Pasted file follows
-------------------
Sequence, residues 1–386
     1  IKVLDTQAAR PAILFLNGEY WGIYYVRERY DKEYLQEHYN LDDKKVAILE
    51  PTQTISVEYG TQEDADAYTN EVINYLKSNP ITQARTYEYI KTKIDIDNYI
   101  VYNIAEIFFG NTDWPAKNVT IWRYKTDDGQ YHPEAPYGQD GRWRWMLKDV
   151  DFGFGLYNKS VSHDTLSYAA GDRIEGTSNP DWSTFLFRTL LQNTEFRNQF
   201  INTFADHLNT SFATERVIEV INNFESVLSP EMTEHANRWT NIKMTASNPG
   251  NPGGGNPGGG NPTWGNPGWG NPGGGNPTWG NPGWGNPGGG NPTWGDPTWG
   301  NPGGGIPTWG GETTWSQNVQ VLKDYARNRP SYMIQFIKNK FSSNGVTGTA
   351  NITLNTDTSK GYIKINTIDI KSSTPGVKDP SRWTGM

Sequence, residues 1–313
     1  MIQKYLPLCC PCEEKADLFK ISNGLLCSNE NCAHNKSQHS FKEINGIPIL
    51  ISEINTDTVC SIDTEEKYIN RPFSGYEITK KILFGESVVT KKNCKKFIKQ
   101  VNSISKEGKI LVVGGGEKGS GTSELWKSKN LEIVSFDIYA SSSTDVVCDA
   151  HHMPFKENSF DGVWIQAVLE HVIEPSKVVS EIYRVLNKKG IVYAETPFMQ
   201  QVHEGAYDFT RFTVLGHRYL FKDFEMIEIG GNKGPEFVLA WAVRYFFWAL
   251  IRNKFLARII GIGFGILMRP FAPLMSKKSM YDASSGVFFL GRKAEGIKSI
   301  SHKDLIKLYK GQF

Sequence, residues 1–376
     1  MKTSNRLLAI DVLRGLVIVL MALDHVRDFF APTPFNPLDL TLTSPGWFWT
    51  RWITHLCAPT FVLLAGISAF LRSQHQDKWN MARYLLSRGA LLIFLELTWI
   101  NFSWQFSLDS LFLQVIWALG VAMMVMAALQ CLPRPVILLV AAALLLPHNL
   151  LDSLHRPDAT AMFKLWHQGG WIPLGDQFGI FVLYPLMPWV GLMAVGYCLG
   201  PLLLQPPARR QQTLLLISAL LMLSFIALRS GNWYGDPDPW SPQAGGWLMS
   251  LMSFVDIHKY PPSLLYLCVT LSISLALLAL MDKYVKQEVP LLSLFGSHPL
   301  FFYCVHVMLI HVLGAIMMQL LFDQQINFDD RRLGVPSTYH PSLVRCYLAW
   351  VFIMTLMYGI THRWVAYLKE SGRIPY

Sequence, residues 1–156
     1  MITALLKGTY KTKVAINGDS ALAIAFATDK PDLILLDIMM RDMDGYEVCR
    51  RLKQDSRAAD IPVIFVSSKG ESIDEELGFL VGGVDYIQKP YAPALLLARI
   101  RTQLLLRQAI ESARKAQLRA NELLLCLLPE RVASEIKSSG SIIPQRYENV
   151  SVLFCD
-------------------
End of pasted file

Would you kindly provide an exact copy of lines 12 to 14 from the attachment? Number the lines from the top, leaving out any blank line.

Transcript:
    51  ISEINTDTVC SIDTEEKYIN RPFSGYEITK KILFGESVVT KKNCKKFIKQ
   101  VNSISKEGKI LVVGGGEKGS GTSELWKSKN LEIVSFDIYA SSSTDVVCDA
   151  HHMPFKENSF DGVWIQAVLE HVIEPSKVVS EIYRVLNKKG IVYAETPFMQ